From Lisa Barnes
Since winter started it seems every time I take my children to school there’s a new rash of sickness. Even with a healthy diet, lots of laughter and exercise, there’s no escaping the preschool germs. My kids (as well as the rest of our family) were ill over the holidays. This was a real bummer – at least for the adults. It’s too bad our kids count down and look forward to such dates. When they were smaller I could just “postpone” a holiday or occasion if need be.
On Christmas Eve, my husband and I took turns trying to stay awake with our five year old (who wanted to wait up for Santa) and then putting together and strategically placing the Santa gifts. This was all while running to the bathroom every 20 minutes. When I was looking for some empathy from my parents on Christmas day, they told me of stories when they did the same for me during my childhood. I guess “the show must go on”, and always has and always will. So while I felt bad that my kids would have a negative memory of the holiday, they were happy that Santa came and that they had popsicles for dinner. (The Christmas dinner I had planned, we enjoyed a few nights later when we were all back to solids).
I am often asked what to give a baby or child when not feeling well. I’ve always made camomile tea, broth and popsicles when my kids were under the weather. It gives them liquid as well as a dose of some needed vitamins and nutrients. It’s easy to have broth (in cubes frozen in the freezer) and a tray of popsicles ready for the first sneeze or temperature. For those wanting to provide some homemade broths and popsicles to comfort a little (or big) one here are some recipes to help. Stay well!
Very Veggie Broth
This is a favorite recipe from The Petit Appetit Cookbook as it is a basic broth recipe for a baby’s bottle or sippy cup. It delivers a punch of calcium and vitamin C for a child (or any age) needing a liquid diet or vitamin pick-me-up. Serve warm or cool in a cup or bottle for baby. Also this broth freezes well in ice cube trays for later use.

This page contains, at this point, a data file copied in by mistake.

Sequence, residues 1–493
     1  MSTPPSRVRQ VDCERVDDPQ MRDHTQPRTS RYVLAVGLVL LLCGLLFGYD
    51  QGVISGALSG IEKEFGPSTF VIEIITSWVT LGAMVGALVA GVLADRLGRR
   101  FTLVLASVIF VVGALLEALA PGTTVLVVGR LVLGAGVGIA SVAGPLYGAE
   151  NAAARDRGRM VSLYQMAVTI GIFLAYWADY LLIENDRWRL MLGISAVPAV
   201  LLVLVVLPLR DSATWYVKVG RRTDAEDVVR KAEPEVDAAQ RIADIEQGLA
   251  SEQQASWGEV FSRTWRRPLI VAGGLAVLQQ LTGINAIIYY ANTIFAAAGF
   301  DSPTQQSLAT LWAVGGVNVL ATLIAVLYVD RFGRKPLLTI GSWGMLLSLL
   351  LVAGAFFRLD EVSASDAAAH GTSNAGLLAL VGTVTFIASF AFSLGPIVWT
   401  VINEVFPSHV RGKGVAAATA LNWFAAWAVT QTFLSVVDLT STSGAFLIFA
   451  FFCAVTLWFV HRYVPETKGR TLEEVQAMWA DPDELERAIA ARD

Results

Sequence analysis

Makes about 3 cups; 6 servings
1 quart cold water
1 cup organic cauliflower flowerets, (about 3 to 4 ounces)
1 cup organic broccoli florets (about 2 to 3 ounces)
1 cup organic collard or dandelion greens, rinsed and roughly chopped
1 cup rounds organic carrots, (about 3 to 4 ounces)
Place water in a medium pot with a lid. Add vegetables and bring to a boil over high heat. Reduce heat to simmer and cover pot. Cook for 1 hour.
Strain broth and reserve vegetables. These can be pureed or mashed for baby.
Not Just Baby Broth. This is a great broth for many ages and uses. It can be a liquid meal for someone under the weather, a calcium rich soup for baby, or a flavorful liquid for poaching meats and fish. Always having broth cubes in the freezer means lots of cooking options for you and your family.
Dried Fruit Broth
If constipation is a problem and your pediatrician suggests juice, here’s a way to make your own broth that’s not as sweet as store juice and not as strong for young taste buds and system as well. This is much easier to swallow than full force commercially packaged prune juice, but will still have some of the laxative benefits.
Makes 1 cup broth
½ cup dried organic prunes, peaches, or apricots
2 cups water
Put dried fruit and water in a small saucepan and bring to a boil over medium-high heat. Cover, reduce heat to low, and simmer for 40 minutes. Broth will be reduced, darker in color, and have sweet fruit flavor. Strain through a strainer into a bowl.
Want more laxative? Puree the remaining cooked fruit in a food processor or blender and mix with plain yogurt or spread on toast. The fruit can even be enjoyed alone as it will be soft, but lighter in flavor.
Any Juice Pops
Look beyond the boxed pops in the freezer section of the grocery store. There’s no telling how many combinations and variations you and your children can make by having an ice pop mold on hand. These are nice and icy on a hot day and can be made with any juice you have on hand. Adding water dilutes the juice and sugar a bit and also lends a more “icy” texture.
Makes 8 (¼-cup) pops
1½ cups fresh organic fruit juice such as unfiltered apple juice
½ cup water
Shake juice container to mix contents before measuring and pour into pitcher. Add water to juice and stir.
Pour liquid into ice pop molds. Put the tops on and transfer to the freezer on a flat shelf to freeze until solid, about 1 hour.
To remove the pops from the mold, stand the mold in a bowl of cold water (or run water under one, to release only one pop) for 1 to 2 minutes until the pops lift out.
Mix It Up! There’s no need to stop at one juice for these pops. Ask your child for flavor combinations. Combine orange and apple or pear and pomegranate. Once you get the hang of it you’ll be making lots of colors and flavors of frozen treats.
See also Lisa’s Safely Feeding Babies – 10 Important Tips (plus one you already know)
Lisa Barnes is author of The Petit Appetit Cookbook: Easy, Organic Recipes to Nurture Your Baby and Toddler, Williams-Sonoma: Cooking For Baby, and lives in Sausalito, California.
Image Credit: © Rmarmion | Dreamstime.com
OrganicToBe.org | OrganicToGo.com
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